Consider changing antidepressant
If feasible, you can switch to a different SSRI or any other class of antidepressant (except bupropion, which has a higher rate of night sweats as compared to any other antidepressant).
For example, if zoloft (Sertraline) is inducing night sweats in you, ask your healthcare provider to prescribe another antidepressant of the same family (SSRIs), which might help you with depression without inducing excessive sweating.
Give your body time
Your body might need some time to adapt to the presence of zoloft. These meds affect your brain and alter the amounts of excitatory neurotransmitters, to get rid of your anxiety and depression. It can not happen overnight.
Side effects associated with zoloft start to fade away within a few weeks. Make sure you give your body enough time to adjust. Do not stop your med abruptly.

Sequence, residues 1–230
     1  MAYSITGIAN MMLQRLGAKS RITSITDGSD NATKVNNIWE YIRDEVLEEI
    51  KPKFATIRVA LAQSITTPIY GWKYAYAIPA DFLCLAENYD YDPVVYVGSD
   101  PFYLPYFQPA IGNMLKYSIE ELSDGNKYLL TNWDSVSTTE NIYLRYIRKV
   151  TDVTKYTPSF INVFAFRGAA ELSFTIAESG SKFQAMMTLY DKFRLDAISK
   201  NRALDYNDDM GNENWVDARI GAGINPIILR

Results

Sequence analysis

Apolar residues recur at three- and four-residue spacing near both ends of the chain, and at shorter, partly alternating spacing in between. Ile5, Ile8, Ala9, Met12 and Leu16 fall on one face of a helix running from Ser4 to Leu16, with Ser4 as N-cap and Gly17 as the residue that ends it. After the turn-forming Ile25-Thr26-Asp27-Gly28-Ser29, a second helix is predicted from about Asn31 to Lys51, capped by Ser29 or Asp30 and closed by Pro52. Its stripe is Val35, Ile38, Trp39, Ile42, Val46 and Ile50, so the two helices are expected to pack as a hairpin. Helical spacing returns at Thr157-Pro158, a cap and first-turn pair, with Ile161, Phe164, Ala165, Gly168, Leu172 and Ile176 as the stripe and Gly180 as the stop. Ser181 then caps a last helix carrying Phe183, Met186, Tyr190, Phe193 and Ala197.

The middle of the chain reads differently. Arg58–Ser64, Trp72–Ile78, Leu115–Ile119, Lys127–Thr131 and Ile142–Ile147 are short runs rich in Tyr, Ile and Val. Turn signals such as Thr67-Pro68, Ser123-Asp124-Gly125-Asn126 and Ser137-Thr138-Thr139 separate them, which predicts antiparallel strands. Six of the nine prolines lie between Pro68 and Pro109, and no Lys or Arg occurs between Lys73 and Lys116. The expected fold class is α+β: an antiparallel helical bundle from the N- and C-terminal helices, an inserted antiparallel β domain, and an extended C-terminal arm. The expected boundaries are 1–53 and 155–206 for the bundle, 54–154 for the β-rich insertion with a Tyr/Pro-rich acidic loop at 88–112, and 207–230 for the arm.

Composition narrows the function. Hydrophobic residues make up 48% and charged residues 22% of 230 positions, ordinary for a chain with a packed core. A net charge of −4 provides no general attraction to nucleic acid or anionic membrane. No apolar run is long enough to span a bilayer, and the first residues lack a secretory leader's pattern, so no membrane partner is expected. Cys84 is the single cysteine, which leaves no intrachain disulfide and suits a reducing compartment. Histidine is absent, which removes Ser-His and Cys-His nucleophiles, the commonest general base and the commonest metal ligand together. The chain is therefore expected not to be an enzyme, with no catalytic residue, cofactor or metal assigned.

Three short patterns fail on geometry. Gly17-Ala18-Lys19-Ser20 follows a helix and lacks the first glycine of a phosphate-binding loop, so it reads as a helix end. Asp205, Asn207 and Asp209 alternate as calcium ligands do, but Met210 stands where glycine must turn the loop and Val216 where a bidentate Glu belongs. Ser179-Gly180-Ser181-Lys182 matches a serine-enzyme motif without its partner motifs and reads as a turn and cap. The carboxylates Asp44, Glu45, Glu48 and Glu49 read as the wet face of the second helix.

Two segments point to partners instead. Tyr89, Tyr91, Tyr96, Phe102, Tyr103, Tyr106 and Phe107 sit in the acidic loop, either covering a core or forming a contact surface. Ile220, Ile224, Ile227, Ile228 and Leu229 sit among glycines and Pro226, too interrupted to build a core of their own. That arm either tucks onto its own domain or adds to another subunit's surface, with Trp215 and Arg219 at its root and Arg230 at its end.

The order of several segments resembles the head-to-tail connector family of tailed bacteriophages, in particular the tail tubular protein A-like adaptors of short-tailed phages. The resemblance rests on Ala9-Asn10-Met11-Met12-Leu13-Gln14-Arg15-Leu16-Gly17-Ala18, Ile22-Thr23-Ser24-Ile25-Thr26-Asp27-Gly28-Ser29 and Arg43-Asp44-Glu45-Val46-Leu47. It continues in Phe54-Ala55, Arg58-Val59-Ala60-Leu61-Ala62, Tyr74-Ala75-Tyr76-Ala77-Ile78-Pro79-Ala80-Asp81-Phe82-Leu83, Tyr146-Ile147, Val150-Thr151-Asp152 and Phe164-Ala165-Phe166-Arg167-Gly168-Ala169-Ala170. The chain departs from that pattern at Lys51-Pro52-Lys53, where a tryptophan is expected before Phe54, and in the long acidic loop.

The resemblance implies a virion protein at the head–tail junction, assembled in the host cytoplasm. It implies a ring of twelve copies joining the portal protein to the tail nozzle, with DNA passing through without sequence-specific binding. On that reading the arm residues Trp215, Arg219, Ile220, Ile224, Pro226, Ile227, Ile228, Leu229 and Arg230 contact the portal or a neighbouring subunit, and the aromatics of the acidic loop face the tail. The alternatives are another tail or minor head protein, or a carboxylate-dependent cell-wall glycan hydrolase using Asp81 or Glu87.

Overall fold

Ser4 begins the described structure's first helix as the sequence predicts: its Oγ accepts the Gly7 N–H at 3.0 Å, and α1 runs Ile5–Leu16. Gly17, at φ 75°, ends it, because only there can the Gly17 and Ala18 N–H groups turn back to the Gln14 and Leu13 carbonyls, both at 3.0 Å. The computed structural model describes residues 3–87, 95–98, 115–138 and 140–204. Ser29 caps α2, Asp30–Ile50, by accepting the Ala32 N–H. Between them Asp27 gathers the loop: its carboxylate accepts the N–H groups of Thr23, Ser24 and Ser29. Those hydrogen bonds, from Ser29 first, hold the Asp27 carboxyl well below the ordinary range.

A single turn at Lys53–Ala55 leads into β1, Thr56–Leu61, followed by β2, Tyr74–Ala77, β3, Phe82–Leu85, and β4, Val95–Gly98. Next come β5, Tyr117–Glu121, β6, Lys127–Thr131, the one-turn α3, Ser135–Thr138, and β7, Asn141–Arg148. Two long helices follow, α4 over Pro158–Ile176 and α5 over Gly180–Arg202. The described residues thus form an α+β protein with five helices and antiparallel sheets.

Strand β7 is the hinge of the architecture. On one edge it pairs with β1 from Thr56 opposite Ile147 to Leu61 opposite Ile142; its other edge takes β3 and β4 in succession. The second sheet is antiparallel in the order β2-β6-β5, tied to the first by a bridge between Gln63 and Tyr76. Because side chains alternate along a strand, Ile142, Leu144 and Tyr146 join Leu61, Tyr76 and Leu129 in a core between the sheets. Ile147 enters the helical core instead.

What if it gets worse?
If your night sweats get worse and even after weeks of treatment, this side effect persists, your healthcare provider may prescribe some medical treatment to overcome your night sweats. Medications used to reduce excessive sweating include:
Terazosin is an alpha-1 adrenergic antagonist, generally used in the treatment of symptomatic benign prostatic hyperplasia and management of hypertension.
In a study conducted in 2013, it was observed that in the beginning of the study, 48.5% patients suffered from high grade sweating. After 14 days of treatment with terazosin, the percentage reduced down by half.
This concludes that terazosin is effective in decreasing sweating severity in patients using zoloft (Sertraline).
Side effects of terazosin
As it’s nothing new to know that every medicine has its own side effects. Let’s take a look at side effects associated with the use of terazosin.
- Chest tightness and pain
- Shortness of breath.
- Arrhythmia or irregular heartbeat.
- Swelling of lower extremities
- Impotence (inability to have an erection)
- Blurred vision
- Stuffy or runny nose
One thing that I always try to tell my readers is, every human body is different, and no I don’t mean physically or the way we look, I mean internally! Just like every human being reacts differently to different situations.